The place to start is always with the notes to the three-volume Kinsley Poems and Songs (1969), for poetic manuscripts, and with the notes for each letter in the two-volume Roy Letters (1985) for the manuscripts of letters. More up to date than Kinsley for poetic manuscripts, though still over thirty years old, is:
Margaret M. Smith, ed., Index to English Literary Manuscripts, vol. 3, 1700-1800, part 1 (London; Mansell, 1986): Rare Reference Z 6611.L7 I5 [shelved in Smith Reading Room]
The sites linked in the top centre panel (at the right of this one) also document the locations for many individual Burns manuscripts.
For some poems, multiple manuscripts survive, with fair copies made by Burns for friends or patrons. For others, there may be just one manuscript, or none, with the only source for the text being a transcript (copy) by a later editor or collector, or an early printed version based on a manuscript that is now lost. Note that Burns's handwriting changed over time, and it is important to look at manuscripts from the same or an adjacent year in finding material for comparison.
Although most researchers now look first for digital facsimiles, some of the earlier facsimiles in book form, listed below, remain important. For a discussion, see the link "Some Burns Manuscripts in Facsimile," in the column on the left.
The Geddes Burns (Boston: Bibliophile Society, 1908) [a facsimile of the copy of the 1787 Poems, with 27 pages of additional manuscript poems written by Burns for Alexander Geddes]: PR 4300 1787a .E4
[W.L. Bixby et al.], Poems and Letters in the Handwriting of Robert Burns reproduced in facsimile (St. Louis: for the Burns Club, 1908): PR 4302 .S6
The Glenriddell Manuscripts of Robert Burns (orig: Philadephia, PS: privately printed for John Gribbel, 1914; Hamden, CT: Archon, 1973): PR4300 1973 .H3
[R.B. Adam], Autograph Poems and Letters of Robert Burns (Buffalo: privately printed, 1922; printed transcripts, rather than facsimiles): PR4302 .A3 1922
J. C. Ewing and Davidson Cook, eds., Robert Burns's Commonplace Book (orig. 1938; repr. Carbondale: Southern Illinois UP, 1965): PR4307 .C6 1965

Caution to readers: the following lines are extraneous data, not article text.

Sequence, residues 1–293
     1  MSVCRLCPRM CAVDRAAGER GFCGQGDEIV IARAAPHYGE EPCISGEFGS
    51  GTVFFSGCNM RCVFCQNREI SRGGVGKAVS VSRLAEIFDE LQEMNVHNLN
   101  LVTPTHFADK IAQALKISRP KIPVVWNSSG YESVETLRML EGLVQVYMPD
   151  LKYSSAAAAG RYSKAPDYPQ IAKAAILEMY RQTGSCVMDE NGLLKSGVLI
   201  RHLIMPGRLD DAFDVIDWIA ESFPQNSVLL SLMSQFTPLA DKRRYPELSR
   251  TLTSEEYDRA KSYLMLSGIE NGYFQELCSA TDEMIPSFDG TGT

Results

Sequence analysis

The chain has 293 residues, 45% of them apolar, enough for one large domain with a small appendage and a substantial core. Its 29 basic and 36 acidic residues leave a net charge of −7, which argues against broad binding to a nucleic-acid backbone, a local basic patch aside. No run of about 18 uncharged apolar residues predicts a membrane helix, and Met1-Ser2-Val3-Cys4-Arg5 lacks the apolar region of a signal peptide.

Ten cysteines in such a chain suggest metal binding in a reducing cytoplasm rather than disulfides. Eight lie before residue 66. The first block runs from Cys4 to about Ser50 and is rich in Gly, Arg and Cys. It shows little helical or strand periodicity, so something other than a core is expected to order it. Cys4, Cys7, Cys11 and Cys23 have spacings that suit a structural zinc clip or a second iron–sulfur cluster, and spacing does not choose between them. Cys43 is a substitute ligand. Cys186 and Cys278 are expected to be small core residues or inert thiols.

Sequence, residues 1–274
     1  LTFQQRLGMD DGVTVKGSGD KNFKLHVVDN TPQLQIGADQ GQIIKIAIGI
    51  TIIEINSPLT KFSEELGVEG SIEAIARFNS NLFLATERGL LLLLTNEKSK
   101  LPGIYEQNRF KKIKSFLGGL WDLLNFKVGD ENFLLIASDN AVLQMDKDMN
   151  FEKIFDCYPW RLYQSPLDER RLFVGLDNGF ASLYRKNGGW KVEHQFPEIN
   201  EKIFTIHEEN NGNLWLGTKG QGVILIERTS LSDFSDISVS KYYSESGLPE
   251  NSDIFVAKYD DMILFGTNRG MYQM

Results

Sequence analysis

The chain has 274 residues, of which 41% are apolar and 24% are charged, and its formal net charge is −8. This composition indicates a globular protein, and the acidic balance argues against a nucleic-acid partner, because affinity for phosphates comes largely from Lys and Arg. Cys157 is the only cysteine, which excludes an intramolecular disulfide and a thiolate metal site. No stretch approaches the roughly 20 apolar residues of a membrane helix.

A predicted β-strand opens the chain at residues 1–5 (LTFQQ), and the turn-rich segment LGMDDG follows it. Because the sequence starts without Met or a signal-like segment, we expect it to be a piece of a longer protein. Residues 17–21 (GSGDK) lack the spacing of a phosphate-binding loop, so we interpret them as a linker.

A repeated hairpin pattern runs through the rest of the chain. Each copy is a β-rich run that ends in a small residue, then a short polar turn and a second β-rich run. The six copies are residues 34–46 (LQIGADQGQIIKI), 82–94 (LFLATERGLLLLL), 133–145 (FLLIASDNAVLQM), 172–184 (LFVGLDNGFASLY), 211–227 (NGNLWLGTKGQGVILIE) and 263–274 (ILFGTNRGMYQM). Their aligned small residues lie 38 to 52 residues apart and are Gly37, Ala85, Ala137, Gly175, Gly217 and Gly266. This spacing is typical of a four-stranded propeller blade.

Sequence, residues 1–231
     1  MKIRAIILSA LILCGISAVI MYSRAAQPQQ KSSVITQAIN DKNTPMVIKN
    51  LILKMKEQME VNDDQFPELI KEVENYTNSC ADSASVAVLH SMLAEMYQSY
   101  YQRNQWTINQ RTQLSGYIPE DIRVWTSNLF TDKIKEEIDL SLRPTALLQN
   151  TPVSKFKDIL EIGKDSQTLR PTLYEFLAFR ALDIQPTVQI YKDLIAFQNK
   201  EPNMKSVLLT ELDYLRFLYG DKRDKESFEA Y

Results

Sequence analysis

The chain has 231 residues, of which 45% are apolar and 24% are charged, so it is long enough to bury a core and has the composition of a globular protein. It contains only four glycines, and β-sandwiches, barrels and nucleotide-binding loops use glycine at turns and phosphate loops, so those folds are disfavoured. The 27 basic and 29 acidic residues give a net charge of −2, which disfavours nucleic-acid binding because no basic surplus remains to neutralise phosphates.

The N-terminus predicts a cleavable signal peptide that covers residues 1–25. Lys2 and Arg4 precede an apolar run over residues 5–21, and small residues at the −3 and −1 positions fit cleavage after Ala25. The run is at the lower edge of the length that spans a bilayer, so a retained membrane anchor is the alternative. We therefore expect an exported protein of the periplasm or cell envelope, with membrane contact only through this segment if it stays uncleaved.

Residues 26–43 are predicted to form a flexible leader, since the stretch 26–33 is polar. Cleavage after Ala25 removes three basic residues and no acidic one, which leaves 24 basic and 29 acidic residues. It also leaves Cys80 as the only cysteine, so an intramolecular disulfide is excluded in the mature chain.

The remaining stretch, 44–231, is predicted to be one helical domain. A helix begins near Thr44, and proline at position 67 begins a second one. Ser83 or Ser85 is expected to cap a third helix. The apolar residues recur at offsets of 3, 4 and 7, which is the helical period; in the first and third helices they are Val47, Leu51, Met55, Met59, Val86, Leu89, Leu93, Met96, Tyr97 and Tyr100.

J.C.Ewing, ed., Journal of a Tour in the Highlands Made in the Year 1787 by Robert Burns (Glasgow: Gowan and Gray, 1927). PR4331.A3 E8
Peter Westwood, ed., The Definitive Illustrated Companion to Robert Burns, 8 vols. ([Irvine]: [privately published in connection with the Distributed National Burns Collection Project], 2004): note that the arrangement is non-intuitive, but there is an index in the middle of volume 6; vols 7 and 8 are separately indexed. PR4300 2004 .W4
Tracking the authentic Burns manuscripts is complicated by the large number of forgeries, some still unrecognized by their owners, that were produced in the 1880s and early 1890s by Alexander Howland Smith, known as "Antique Smith."
“The Edinburgh Forgeries”, Burns Chronicle, 1st ser., 2 (1893): 123-134.
“The Sequel to the Edinburgh Forgeries,” Burns Chronicle, 1st ser., 3 (1894): 139-140.
William Roughead, “”Antique Smith," in his The Riddle of the Ruthvens and Other Studies (orig. 1919: revd, ed. Edinburgh: Moray Press, 1936), 122- 143.
Henry T. Scott, “Ch. XXXII: Wholesale Forgeries Perpetrated in Edinburgh,” in his Autograph Collecting: A Practical Manual for Amateurs and Historical Students (London: L. Upcott Fill, 1894), c171-180.
J. DeLancey Ferguson, “’Antique’ Smith and his Forgeries of Robert Burns,” The Colophon, A Book Collector’s Quarterly, 4, no. 13 (February 1933), unpaginated.
Gerard Carruthers and G. Smith,“Daylight Rabbery: The story of Antique Smith's Robert Burns forgeries,” The Drouth, 44 (2013): 10-15.